Specification and Verification for MIMOS, our Framework for design and Update of Real-Time Embedded Systems
Traditionally, critical software in embedded real-time systems is statically verified, and once certified supposed to remain valid for the lifetime of the system itself. Modern systems, evolving in more and more open and evolving contexts impose new requirements on embedded software. MIMOS proposes a paradigm shift to respond to these challenges by means of a combination of features: (1) it is high-level and strictly model-based concerning functional and non-functional aspects to guarantee intuitive concepts to the designer whose semantics is preserved. (2) It proposes a framework for static and dynamic (monitoring-based) verification of functionality and timing completing each other. (3) Finally, our ultimate goal is allowing to ease update of critical software.
The talk will give an overview on the MIMOS concepts and the tool environment for embedded and real-time systems design developed in Uppsala within Wang Yi's ERC CUSTOMER project. Particular focus will be on the specification and verification framework that we are developing in this context.
is a research professor (Directeur de Recherche CNRS) at VERIMAG of Grenoble University. She has a PhD in Computer Science from Polytechnical Institute of Grenoble. Her Research interest has always been focused on formal approaches to design and verification in different application domains. Today her main interest is design and analysis of embedded real-time systems. In 2022 she received the CAV award for her pioneering work on predicate abstraction.
Design Principles for Reducing the Complexity of Safety-Critical Embedded Systems
System Architecting deals with the decomposition of a large complex system into almost independent parts in order to reduce the implementation and validation efforts by applying the time-tested design principle divide et impera. In this presentation, we present some additional proven design principles for decomposing complex safety-critical embedded systems using the control system of a fully autonomous vehicle as an example. With the current state of the art in hardware and software, it is impossible to achieve the required safety goals of such a large complex computer system by implementing a non-fault tolerant monolithic computer architecture. We need to find a decomposition into independent Fault Containment Units (FCUs) such that a Byzantine failure of any complex FCU can be mitigated by the other correct FCUs without causing a catastrophic incident. We start by the establishment of the required safety goals and propose to make a clear distinction between the two important use cases: (i) correct behavior under well-specified nominal conditions, and (ii) safe behavior under off-nominal conditions, which cannot be fully specified in advance.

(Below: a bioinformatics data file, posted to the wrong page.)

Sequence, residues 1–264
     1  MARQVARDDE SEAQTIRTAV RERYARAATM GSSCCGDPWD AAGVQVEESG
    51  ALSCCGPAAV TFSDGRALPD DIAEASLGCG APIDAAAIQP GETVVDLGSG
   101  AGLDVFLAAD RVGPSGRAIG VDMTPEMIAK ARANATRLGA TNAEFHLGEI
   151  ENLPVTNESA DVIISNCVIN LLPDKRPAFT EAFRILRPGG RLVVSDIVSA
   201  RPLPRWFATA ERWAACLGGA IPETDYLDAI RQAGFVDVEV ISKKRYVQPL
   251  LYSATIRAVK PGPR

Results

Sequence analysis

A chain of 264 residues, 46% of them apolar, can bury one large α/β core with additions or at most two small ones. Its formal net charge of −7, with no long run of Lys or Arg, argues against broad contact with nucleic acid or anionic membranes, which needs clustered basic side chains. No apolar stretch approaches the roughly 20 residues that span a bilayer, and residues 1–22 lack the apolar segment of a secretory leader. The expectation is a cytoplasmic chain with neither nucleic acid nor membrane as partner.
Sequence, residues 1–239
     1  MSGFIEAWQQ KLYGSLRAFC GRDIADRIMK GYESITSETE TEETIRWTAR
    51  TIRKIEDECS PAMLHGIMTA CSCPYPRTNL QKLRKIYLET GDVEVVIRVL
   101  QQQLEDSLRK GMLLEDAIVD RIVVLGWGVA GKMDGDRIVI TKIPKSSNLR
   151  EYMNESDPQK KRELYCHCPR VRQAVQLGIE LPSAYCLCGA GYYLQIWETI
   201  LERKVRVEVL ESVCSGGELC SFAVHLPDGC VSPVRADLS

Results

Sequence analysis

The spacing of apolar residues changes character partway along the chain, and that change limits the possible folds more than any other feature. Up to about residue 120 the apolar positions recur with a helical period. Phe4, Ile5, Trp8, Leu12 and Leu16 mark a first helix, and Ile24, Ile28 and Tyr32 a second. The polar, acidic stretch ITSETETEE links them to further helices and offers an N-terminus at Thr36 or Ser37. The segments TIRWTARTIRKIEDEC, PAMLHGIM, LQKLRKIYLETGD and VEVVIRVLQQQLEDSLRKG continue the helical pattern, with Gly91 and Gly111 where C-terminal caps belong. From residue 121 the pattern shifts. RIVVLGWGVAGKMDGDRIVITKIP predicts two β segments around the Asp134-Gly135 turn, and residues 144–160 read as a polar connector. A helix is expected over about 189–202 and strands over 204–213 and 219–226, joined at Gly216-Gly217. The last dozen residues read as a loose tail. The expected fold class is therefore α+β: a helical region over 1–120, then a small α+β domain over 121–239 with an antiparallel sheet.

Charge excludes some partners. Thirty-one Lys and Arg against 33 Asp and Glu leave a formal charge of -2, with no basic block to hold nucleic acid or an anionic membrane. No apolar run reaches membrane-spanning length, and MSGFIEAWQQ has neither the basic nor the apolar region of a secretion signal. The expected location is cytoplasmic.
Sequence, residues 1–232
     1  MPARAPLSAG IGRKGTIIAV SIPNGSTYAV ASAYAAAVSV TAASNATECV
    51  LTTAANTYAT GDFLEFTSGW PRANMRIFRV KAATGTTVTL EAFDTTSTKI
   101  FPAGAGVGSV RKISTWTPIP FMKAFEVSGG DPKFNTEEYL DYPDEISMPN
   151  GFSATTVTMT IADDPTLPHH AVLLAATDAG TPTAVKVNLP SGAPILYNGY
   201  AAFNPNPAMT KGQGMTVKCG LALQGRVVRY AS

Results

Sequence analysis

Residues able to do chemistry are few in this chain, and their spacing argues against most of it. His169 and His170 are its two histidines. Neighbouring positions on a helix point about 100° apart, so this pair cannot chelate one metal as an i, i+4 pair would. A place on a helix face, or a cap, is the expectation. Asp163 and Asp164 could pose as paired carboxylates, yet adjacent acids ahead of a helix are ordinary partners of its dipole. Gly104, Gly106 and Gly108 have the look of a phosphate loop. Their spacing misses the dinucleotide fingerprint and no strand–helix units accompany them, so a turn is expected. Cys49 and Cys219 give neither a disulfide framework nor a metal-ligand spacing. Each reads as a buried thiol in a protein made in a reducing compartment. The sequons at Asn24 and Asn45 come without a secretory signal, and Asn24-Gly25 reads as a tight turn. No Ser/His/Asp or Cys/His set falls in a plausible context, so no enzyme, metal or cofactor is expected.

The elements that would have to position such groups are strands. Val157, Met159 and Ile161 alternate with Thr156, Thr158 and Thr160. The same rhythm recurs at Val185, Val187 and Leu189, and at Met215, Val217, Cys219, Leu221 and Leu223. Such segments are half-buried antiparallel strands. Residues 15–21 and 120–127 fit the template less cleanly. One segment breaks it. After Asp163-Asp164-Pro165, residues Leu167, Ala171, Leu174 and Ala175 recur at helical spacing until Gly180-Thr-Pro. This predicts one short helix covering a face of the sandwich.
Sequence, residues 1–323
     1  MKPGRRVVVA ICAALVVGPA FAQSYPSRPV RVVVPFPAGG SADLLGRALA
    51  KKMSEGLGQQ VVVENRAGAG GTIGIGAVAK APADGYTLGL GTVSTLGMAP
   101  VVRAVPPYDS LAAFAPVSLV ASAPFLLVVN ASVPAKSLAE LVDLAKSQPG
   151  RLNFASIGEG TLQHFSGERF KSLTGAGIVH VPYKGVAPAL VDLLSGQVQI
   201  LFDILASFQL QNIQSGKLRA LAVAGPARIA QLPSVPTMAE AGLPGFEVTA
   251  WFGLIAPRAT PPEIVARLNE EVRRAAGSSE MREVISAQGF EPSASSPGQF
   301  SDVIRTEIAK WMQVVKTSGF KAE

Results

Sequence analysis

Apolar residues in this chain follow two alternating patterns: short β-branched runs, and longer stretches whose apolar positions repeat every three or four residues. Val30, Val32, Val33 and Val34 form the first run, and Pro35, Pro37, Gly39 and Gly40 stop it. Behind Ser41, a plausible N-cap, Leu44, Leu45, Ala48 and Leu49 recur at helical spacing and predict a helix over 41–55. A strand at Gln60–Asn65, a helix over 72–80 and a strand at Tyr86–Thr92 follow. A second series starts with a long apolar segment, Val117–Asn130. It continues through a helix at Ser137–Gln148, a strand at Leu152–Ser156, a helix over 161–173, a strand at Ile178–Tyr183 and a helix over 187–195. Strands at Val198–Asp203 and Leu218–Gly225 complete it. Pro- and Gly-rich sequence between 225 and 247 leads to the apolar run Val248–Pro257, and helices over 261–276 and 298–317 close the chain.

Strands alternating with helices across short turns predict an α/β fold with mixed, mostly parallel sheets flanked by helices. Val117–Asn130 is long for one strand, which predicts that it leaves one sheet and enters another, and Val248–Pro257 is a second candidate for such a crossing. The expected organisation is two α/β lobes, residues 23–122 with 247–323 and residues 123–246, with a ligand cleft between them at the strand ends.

is professor emeritus at TU Wien. He received a PhD degree in Physics sub auspiciis praesidentis from the University in Vienna in 1968. Kopetz is the chief architect of the time-triggered technology for dependable embedded Systems and a co-founder of the company TTTech. The time-triggered technology is deployed in leading aerospace, automotive and industrial applications. Kopetz is a Life Fellow of the IEEE and a full member of the Austrian Academy of Science. Kopetz served as the chairman of the IEEE Computer Society Technical Committee on Dependable Computing and Fault Tolerance and in program committees of many scientific conferences. He is a founding member and a former chairman of IFIP WG 10.4. Kopetz has written a widely used textbook on Real-Time Systems—the third edition has been published in 2022— and authored more than 400 papers. In June 2007 he received the honorary degree of Dr. honoris causa from the University Paul Sabatier in Toulouse, France.